Native Plant Sale & Arbor Day Celebration

April 22, 2023 – Native Plant Sale & Arbor Day Celebration

Join friends and neighbors for the 9th year of this event. You’ll have the opportunity to enhance your own garden spaces and to learn more about plants native to Montreat and those that thrive in our area.

 

New This Year

  • Free Door Prizes
  • Enjoy snacks and lunch from the Huckleberry
  • Presentations offered by Bobbie Pell, a trained naturalist who comes to us from the NC Arboretum (see the Schedule of Events below)
  • Learn how to create your own Fairy Garden
  • The Nature Hut will be open

 

Favorites Returning This Year

 

Vendors Already Committed

 

Share this Day with the Children in your Life!

  • Learn about fairy gardens!

  • Visit the Paint and Plant Station

  • Eat ice cream from The Huckleberry

  • Meet students from Montreat College

  • Take a plant home and watch it grow!

  • Check out the Nature Hut

Schedule of Events

9:00 am – Arbor Day Proclamation

9:00 am – 2:00 pm – Native plants for sale
   

10:00 am – Presentation by Bobbie PellKnow Your LandscapeSite Analysis and Shade and Sunny Plants
   

11:00 am – Presentation by Bobbie Pell:  Landscaping with Wildflowers

12:00 pm – Prizes awarded; you must be present to win!

 

Location

Follow Hwy 9 / Montreat Rd through the Gate into Montreat where the road becomes Assembly Drive.  Continue on Assembly Drive about 9/10 of a mile, then turn right on Lookout Rd.  Moore Field will be on your left, just below the banks of Lake Susan. Ample parking is across Lookout Rd in the Anderson Auditorium lot.

For more information or to volunteer to assist before the event and/or on April 22, contact any member of the planning team.
  • Elizabeth Ayscue (704.985.2945)
  • Betty Douglas (662.392.3050)
  • Beth Frith (828.713.1548)

 

     

     

             

                               

                                       

 

Our History

The idea for a “native plant sale” in Montreat was conceived and adopted as a Landcare project in 2012. We recall the “buzz” of homeowners during the first event, on a bright crisp morning in 2013, and the pleasure of all four of our vendors (and master gardeners) with customer traffic that day. While the original emphasis has continued to be on providing a venue for display and purchase of locally sourced, smaller, perennial native plants, the event grew to include an Arbor Day (trees) component in 2015. Plus, a new series of educational workshops seemed to be a hit with property owners. Three of the original four plant vendors still were with us in 2016. Locating new growers/sellers who trade exclusively in native plant species is a challenge, especially at this time of year, not just for us but other communities as well. Defining the right mix of natives and decorative, long-blooming annual flowers to offer is a work in progress.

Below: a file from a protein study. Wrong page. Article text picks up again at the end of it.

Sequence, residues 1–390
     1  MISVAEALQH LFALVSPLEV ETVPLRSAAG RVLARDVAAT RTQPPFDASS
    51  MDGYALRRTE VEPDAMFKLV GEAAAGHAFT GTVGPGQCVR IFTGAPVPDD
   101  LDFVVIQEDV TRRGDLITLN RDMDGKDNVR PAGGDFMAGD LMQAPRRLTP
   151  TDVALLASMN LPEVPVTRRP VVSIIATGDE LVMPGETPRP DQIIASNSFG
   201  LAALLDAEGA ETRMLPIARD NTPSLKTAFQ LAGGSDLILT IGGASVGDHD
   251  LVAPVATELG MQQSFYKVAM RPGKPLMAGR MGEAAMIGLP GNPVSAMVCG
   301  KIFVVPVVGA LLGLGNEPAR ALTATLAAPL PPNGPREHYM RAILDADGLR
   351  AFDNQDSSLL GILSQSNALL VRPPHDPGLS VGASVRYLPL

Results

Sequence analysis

What’s a Native Plant?

More than ever, native plants should be the preferred choice of homeowners, businesses and institutions for their gardens. A native plant is adapted to local climate and seasons, and it offers advantages concerning drought hardiness and resistance to disease and insect pests. In contrast, so-called invasive plants cause problems in the environment because they may be toxic to native wildlife, while a lack of natural controls can allow rampant growth. Click here for Landcare Fact Sheet #1 with some practical tips on use of native plants.

What Are Invasive Plants and Why Avoid Them?

“Exotics” are non-native plants introduced by human action from another geographic area. Some are accidental, but many have been deliberate, intended to beautify gardens or actually enhance wildlife. Many are benign, but a particular class of non-natives called “invasive species” is dangerous to native flora and even animals. They can choke out favored wildflowers, overgrow plants, and be harmful to wildlife. Montreat invasives include Japanese knotweed, Oriental bittersweet, and even English Ivy. See Landcare Fact Sheet #2 concerning invasives.

True native plants have evolved with their pollinators and the fungi, birds and animals that rely on them for food, habitat or symbiosis; thus they support the natural bio-diversity of the region far better than hybrids and cultivars.

Skills

Posted on

April 2, 2023